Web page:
This is another severe challenge with 820 million people currently suffering from chronic hunger in the world today. Food systems must become more efficient if we are to meet the projected doubling of global food demand by 2050. Forbes recently release 10 ways that AI could improve agriculture in 2021 – amongst some of the use cases mentioned were using AI to reduce break-ins, improve crop yield prediction, identify pest infestations, drive smart tractors and better optimise harvest prices.
Other examples include Carnegie Mellon’s FarmView project which is researching the crop growth expansion of sorghum (the fifth most important protein due to its resilience) in developing countries as well as Nuru’s ML application which identifies leaf damage in photos taken by farmers in Kenya, Mozambique, and Tanzania, to help monitor the presence of invasive pests. Another case study worth checking out is Bowery Farming who are using AI in a range of areas to increase yield and unlock the right crop recipes.
When 39% of the world’s poorest do not have formal schooling, another front of action for AI is clearly education. This needs a renewed emphasis this year as school closures for Covid-19 precautions kept 90% of all students out of school reversing decades of progress on education (remote learning remains out of reach for at least 500 million students).
AI could help alleviate the money-barrier and inequality that still exists in education. It can help identify students’ learning needs and optimise the education process through different methods of learning. It can help teachers automate routine tasks such as grading and can give students immediate feedback to help them better understand concepts at their own pace. It can also save teachers’ time and allow them to focus on learners with special needs. Some examples of this are Project Euphonia which is focused on helping people with atypical speech be better understood and SeeingAI which is a free app that narrates the world for those who are visually impaired.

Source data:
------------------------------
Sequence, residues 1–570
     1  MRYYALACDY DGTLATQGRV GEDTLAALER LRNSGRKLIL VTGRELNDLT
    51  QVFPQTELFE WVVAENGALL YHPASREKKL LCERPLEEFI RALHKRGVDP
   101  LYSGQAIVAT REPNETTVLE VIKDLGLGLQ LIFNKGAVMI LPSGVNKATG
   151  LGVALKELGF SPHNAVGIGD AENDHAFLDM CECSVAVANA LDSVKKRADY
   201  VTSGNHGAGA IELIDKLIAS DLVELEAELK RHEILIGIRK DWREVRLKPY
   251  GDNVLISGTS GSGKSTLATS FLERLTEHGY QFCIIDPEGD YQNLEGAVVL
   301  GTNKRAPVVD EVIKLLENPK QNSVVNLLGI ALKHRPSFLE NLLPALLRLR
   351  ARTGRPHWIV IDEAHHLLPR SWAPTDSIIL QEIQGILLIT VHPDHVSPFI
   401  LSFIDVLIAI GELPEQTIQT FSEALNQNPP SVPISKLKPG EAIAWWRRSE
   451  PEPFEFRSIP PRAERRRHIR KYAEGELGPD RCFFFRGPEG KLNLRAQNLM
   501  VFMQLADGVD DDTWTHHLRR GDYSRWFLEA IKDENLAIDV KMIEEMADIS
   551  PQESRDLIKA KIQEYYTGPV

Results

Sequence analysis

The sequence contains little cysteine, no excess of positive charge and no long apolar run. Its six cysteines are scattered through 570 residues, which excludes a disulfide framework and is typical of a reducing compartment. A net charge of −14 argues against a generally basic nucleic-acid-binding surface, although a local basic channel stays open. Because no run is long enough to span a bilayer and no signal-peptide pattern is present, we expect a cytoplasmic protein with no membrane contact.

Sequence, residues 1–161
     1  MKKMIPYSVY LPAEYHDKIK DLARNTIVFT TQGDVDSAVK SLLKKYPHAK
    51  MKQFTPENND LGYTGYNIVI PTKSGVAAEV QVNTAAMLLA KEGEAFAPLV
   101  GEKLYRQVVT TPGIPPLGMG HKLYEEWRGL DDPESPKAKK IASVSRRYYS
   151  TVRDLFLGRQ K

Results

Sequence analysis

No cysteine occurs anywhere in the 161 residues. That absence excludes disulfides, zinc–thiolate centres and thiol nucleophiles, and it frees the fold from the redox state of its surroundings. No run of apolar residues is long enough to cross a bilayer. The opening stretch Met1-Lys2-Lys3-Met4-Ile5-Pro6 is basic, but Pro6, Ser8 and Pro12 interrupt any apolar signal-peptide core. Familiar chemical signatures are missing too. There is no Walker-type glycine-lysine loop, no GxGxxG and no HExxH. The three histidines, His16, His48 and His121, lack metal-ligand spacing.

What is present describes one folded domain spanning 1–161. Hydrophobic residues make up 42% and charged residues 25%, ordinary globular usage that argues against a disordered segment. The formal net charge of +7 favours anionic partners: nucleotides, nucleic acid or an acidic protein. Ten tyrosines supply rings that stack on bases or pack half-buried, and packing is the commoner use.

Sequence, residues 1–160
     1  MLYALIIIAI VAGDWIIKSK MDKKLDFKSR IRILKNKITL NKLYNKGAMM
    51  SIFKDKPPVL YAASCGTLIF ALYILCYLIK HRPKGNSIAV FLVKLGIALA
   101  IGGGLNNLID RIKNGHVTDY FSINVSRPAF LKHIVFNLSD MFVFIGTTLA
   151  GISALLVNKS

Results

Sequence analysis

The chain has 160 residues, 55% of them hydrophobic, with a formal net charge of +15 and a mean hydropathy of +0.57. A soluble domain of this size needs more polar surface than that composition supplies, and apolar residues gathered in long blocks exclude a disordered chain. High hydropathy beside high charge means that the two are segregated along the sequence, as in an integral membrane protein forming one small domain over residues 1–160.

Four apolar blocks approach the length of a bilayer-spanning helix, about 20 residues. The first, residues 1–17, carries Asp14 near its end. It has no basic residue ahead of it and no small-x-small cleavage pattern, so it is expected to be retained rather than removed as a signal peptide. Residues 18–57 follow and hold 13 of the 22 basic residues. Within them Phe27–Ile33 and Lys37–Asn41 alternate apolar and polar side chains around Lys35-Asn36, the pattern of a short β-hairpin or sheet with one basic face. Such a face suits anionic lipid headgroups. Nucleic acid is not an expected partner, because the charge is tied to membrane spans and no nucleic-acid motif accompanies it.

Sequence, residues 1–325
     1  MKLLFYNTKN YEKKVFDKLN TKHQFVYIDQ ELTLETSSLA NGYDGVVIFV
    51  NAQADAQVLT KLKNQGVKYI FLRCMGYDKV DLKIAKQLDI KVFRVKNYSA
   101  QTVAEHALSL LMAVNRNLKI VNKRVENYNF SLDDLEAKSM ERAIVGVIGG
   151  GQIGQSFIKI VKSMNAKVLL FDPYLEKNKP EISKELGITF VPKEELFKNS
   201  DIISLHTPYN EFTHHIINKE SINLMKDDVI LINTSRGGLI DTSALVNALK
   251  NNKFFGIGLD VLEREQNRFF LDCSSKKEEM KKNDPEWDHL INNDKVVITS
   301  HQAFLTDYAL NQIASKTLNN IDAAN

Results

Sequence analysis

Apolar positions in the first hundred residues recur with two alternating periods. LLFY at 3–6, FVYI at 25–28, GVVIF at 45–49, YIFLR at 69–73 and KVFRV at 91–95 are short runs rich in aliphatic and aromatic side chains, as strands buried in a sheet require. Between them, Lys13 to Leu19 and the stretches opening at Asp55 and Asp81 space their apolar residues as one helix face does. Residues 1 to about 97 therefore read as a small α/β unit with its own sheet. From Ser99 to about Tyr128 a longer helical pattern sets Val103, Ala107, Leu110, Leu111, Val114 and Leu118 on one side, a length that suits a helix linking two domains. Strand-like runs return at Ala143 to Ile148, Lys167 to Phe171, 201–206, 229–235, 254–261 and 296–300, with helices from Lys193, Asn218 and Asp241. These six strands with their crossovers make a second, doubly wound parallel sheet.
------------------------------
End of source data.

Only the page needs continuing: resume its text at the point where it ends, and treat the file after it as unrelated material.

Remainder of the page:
Life on Land
The world is falling short on targets to halt biodiversity loss with only a third of countries on track to achieve their national targets. Two billion hectares of land on earth are degraded, affecting over 3.2 billion people, driving species to extinction and intensifying climate change. For example, it is expected that 38% of animal species in the world today will be extinct by 2100.
Fortunately, AI can play another significant role in this area. For example, Protection Assistant for Wildlife Security (PAWS) evaluates information about previous patrols and poaching activity, and uses AI to generate logical routes for conservation agencies to investigate. Once the patrol is completed, they can feed more data back into the system detailing the locations of traps, sightings of vulnerable animals, areas where animal remains were found, and damaged fences or bullet casings etc. With AI, patrol units can then identify possible areas where poachers will strike next. Additionally, conservationists used to identify lions by manually analysing specific whisker patterns. However, AI can now reduce the time spent and the number of human resources required allowing conservationists to analyse much vaster data sets in a much shorter period.